2017-2018 LEGISLATIVE SESSION
Major pieces of legislation passed during the 2017-2018 legislative session
Criminal Justice Reform
On April 13, 2018, Governor Baker signed into law An Act relative to criminal justice reform, a bill aimed at achieving a more equitable justice system by supporting our youngest residents, reducing recidivism, increasing judicial discretion, eliminating certain mandatory minimum sentences, and enhancing overall public safety. For the first time in the Commonwealth’s history there will be a process for expunging criminal records.
Specific Provisions of the Bill:
· Raises the minimum age of criminal responsibility from 7 to 12 years old and decriminalizes a first offense misdemeanor if the punishment is a fine or imprisonment for not more than six months
· Establishes a Juvenile Justice Policy & Data Commission that makes Massachusetts eligible for further federal funding
· Extends the Good Samaritan protections to alcohol incapacitation for individuals under 21
· Eliminates mandatory and statutory minimum sentences for many low-level, nonviolent drug offenses
· Creates the United States’ strongest law against Carfentanil trafficking and strengthens existing Fentanyl trafficking laws, both aimed at combatting the opioid epidemic
· Strengthens penalties for repeat offenders convicted of operating under the influence
· Requires District Attorneys to create pre-arraignment diversion programs for military personnel, veterans and individuals suffering from addiction or mental health issues
· Expands the diversion programs to Juvenile Court and removes the existing age restriction on diversion in the District Courts
· Updates the Commonwealth’s criminal offender record information (CORI) system, helping individuals secure gainful employment and housing, key initiatives to ensure that people who served their time are able to be contributing members of society
Additional policy changes in the bill include: reduction of fees imposed on defendants; decriminalization of minor offenses; enhanced limits on solitary confinement; improvement of prison conditions; and release of prisoners who are permanently incapacitated and pose no public safety risk.
Pregnant Workers Fairness Act
This summer, the Massachusetts Legislature passed the Pregnant Workers Fairness Act, which guarantees reasonable accommodations and safety measures for pregnant workers. The legislation makes it illegal for an employer to discriminate against, refuse to employ, or terminate an individual due to pregnancy or a condition related to pregnancy, including lactation or the need to express breast milk for a nursing child. Reasonable accommodations may include time off to recover from childbirth; more frequent, longer paid or unpaid breaks; procuring or modifying equipment or seating; obtaining a temporary transfer, job restructuring, or lighter duty; and private non-bathroom space for expressing breast milk. The law directs companies to engage in a collaborative, good faith process with employees and prospective employees to determine effective and reasonable accommodations. In specific instances, employers may require documentation pertaining to the need for accommodations from an appropriate health care or rehabilitation professional. This requirement does not apply to accommodations for more frequent restroom, food or water breaks, seating and limits on lifting over 20 pounds.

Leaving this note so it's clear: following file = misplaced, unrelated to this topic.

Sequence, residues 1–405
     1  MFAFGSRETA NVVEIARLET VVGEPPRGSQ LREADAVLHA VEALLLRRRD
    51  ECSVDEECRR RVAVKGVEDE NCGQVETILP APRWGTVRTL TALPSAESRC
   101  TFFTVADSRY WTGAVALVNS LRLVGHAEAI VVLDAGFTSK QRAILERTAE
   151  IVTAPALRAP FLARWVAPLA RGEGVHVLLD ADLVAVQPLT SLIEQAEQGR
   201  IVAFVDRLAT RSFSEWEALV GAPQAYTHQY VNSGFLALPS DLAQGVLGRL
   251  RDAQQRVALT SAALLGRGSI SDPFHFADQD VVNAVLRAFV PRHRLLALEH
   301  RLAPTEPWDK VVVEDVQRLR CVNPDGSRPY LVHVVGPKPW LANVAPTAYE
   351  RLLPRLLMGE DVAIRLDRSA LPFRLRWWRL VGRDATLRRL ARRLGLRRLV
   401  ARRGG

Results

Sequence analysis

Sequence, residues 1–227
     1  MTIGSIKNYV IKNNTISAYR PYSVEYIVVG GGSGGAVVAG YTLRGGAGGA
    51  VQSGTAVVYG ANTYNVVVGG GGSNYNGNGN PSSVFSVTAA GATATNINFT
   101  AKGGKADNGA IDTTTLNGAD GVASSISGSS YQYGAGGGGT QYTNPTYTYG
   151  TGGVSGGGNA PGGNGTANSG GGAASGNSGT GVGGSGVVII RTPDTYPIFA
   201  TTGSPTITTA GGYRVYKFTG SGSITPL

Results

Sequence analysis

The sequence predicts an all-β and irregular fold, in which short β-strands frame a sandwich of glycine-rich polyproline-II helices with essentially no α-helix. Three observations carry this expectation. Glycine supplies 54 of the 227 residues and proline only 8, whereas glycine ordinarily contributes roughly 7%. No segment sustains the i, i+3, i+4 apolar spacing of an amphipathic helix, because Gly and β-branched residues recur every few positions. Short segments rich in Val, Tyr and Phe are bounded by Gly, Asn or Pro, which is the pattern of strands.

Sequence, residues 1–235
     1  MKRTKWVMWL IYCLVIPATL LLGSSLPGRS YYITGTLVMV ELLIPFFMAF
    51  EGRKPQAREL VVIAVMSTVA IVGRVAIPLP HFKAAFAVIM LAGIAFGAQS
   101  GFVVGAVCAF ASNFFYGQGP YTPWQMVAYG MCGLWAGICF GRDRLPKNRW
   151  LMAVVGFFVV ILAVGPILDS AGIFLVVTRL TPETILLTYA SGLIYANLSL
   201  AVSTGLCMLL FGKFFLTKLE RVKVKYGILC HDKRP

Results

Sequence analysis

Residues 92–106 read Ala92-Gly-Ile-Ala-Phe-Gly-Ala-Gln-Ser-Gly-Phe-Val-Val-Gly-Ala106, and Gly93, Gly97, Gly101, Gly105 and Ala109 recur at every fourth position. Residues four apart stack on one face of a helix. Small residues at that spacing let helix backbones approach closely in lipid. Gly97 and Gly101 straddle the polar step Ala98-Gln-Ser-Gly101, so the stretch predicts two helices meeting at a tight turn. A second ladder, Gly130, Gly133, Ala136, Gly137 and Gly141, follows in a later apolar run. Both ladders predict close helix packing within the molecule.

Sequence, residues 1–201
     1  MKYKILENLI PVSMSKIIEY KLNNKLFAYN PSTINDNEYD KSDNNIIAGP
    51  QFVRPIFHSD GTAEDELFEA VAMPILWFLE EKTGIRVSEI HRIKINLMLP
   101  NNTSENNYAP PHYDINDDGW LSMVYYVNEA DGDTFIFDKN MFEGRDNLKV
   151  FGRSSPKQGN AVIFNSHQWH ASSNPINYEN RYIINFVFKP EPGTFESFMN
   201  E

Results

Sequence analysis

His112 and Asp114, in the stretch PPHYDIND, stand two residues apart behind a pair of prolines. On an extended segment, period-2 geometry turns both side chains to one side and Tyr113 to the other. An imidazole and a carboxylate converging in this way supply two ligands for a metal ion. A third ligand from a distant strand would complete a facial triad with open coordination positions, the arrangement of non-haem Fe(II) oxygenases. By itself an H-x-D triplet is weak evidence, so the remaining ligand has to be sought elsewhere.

The law prohibits employers from taking the following actions against an employee who is pregnant or has a condition related to the employee’s pregnancy:
· Taking adverse action against an employee who requests or uses a reasonable accommodation;
· Denying an employment opportunity to an employee based on the need for the employer to make a reasonable accommodation;
· Requiring an employee to accept an accommodation if it is unnecessary for the employee to perform the essential functions of the job;
· Requiring an employee to take a leave of absence if another reasonable accommodation may be provided without undue hardship to the employer; and
· Refusing to hire a person who is pregnant because of the pregnancy or because of a condition related to the person’s pregnancy, if that person can perform the essential functions of the job with a reasonable accommodation that does not impose an undue hardship on the employer.
An Act Establishing the Massachusetts Pregnant Workers Fairness Act was signed into law by Governor Baker on July 27th and goes into effect on April 1, 2018.
Automatic Voter Registration
Massachusetts joined thirteen other states and D.C. by enacting legislation to implement and streamline automatic voter registration. The intent of the bill is to remove obstacles to registering and increasing voter turnout, while maintaining high standards of protection for individuals’ privacy. In conjunction with the RMV and MassHealth, the Secretary of State will work to automatically enroll eligible individuals to the Commonwealth’s voter rolls. The Secretary will also adopt regulations governing this new registration process, including provisions requiring electronic transmission, date security protocols, and integration with online portals.
Under this new law, registration agencies will transmit electronic records of the legal name, age, residence, citizenship information, and electronic signature of each qualified person to the board of registrars of the municipality in which the individual resides. The board of registrars will then send a notice to the individual informing them that they have been registered to vote and offer the opportunity to select a party affiliation or opt-out of the registration. If the individual does not decline within 21 days, their name is automatically added to the voter roll.